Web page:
Will we see Mario Gomez at Euro 2016?
If you know me personally or tend to read my articles, you’ll know that I’m a huge, dedicated fan of Mario Gomez. The Beşiktaş striker has been on many a squad list for Germany in previous years, and Euro 2016 is no different. However, his place on the field could actually boil down to a provisional spot – it would all depend on the calibre of other players. Given that Gomez will be turning 31 on the closing day of the tournament – 10th July – could it be that he’s too old for the main stage? Is there younger, fresher talent eager to go for goal? The sad truth is yes, probably.
Germany’s pre-Euros media campaign seems to be running smoothly, with Mercedes-Benz religiously in their corner, promoting the feeling of patriotism as the opening whistle blows. They are the current world champions; they don’t require an introduction, but they are in pole position to really clean up. Many will be quick to tip them as the ones to watch in France. So, it’s paramount that they get things right and work to their usual clinical methods, with smiles on their faces.
Gomez himself is keen even to earn just a minute on the pitch. He is certainly a veteran among the team, a class act to follow and be inspired by. Speaking out about the tournament, he has vocalised his desire to play to his best in training, if not to secure his own place in a starting eleven, but to benefit his teammates and make them stronger for when they step out into the open waters of the French stadiums. Solidarity among the outfit has always been an incredible and enviable strength of Die Mannschaft. It isn’t that they come across careless or arrogant, they just operate completely functionally and proactively together, without letting the pressure affect them too heavily. This is a trait that other teams lack drastically.
Since 2007, Mario Gomez has appeared for his country on 62 occasions. This isn’t the most wowing statistic, but it does evidence that he is a reliable and safe bet as a back-up option, if he isn’t selected outright. The quality of Gomez’s skill is without question; he is quick with his feet and possesses great reaction times, but his height also allows him aerial access to the ball, and so can provide pivotal headers into the back of the net. This asset was also owned by Miroslav Klose, a key attacker often deployed more regularly than Gomez. The half-German, half-Spanish striker has also been trumped by Thomas Müller on occasions, despite the two working in impeccable tandem (for instance, at Euro 2012).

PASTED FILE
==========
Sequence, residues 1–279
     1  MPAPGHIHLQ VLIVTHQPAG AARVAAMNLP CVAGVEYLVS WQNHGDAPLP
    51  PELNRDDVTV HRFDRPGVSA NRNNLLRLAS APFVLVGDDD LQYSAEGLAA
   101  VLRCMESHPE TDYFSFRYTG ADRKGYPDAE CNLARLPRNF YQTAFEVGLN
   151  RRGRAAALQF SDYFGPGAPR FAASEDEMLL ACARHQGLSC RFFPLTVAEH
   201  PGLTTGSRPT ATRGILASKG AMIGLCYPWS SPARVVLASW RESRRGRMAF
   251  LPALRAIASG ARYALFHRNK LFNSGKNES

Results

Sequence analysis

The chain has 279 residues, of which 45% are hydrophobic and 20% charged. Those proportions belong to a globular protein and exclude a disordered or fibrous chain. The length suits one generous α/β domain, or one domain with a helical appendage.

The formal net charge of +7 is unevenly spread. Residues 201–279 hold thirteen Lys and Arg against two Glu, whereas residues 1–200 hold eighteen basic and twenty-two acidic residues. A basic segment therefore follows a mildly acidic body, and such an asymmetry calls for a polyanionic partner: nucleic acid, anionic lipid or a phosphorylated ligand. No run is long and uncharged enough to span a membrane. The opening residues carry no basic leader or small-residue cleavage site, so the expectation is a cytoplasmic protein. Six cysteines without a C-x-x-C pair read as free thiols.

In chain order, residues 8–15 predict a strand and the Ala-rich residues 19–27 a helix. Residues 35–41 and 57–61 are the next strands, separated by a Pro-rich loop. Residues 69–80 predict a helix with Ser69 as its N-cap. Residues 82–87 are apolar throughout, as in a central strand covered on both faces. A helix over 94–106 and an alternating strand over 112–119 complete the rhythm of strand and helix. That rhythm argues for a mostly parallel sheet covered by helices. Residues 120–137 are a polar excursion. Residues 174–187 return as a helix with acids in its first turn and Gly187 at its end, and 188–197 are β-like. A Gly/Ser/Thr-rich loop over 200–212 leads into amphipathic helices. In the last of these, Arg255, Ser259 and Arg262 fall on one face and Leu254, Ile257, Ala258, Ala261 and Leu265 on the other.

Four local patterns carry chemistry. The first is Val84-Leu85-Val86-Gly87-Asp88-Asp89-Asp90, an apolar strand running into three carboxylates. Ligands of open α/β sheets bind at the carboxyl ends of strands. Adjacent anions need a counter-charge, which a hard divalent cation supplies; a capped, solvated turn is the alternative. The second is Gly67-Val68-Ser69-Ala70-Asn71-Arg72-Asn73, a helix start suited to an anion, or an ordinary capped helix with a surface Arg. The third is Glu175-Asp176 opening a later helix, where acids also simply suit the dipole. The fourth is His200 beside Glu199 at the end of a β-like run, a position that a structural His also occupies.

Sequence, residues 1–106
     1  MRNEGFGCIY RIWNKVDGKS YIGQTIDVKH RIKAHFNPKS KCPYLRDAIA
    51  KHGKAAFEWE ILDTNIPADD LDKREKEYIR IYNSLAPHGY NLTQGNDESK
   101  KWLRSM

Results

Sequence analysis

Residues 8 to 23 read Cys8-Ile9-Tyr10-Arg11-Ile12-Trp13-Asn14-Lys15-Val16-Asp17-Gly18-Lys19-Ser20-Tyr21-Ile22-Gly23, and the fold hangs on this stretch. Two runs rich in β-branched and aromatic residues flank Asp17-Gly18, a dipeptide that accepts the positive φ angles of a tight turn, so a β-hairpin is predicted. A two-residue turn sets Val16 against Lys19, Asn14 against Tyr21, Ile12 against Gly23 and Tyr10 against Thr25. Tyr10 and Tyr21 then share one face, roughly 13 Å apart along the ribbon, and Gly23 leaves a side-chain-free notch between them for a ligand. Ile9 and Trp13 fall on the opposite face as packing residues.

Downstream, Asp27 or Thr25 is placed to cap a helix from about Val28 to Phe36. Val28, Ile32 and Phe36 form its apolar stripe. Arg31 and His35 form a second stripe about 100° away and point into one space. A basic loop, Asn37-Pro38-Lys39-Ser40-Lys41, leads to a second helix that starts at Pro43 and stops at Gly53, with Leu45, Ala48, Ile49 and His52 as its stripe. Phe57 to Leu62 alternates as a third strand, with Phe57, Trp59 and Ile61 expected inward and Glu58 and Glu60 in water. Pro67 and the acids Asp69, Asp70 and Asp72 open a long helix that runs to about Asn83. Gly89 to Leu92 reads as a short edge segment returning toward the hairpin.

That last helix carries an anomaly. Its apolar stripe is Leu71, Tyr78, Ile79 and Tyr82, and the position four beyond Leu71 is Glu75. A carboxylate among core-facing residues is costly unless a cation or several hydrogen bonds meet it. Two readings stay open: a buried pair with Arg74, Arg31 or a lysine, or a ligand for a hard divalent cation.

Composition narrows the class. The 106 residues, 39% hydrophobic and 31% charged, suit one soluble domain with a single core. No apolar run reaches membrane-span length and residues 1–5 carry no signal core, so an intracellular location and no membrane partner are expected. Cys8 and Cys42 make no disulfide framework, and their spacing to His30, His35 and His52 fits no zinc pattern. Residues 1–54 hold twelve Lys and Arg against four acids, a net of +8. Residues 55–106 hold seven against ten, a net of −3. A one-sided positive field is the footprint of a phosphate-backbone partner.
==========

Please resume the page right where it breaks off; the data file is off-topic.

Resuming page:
Germany’s arsenal of other options has put Gomez on the back foot for the past couple of years, but his lack of hours clocked on the turf is also due to injury. He has been plagued with niggles and cases of severity, which have ruled him out of months during several seasons of his career. Most notably, I feel, was back at Bayern Munich. The 2012/13 campaign saw him forego his duties somewhat until he was increasingly favoured in the coming months by Mario Mandžukić, the Croatian hotshot. The now Juventus man was a real firecracker for Bayern whilst Gomez was on the bench, so the battle of the Marios was inevitably going to see someone get hurt. That was not long before Gomez was sold to Serie A side, Fiorentina.
Even though they’d be standing firm in midfield position, the likes of Marco Reus, Toni Kroos and Mario Götze could also tarnish Gomez’s chances of scoring, even if he did make the cut for a game. Götze especially could be seeking glory; he was the one to slot the winning goal in for Germany, to crown them world champions back in Brazil, 2014.
So, there are a few factors tipping the scales against Mario Gomez. His age is a concern, with slower pace, less accuracy and lack of club game time tallied being the causes for speculation. His misfortune with injury-riddled months is also a worry, as is the list of players generally more affluent. However, his reliability, focus and determination could well see him utilised for at least a late substitution.
I’ll keep my fingers crossed for you, Mario.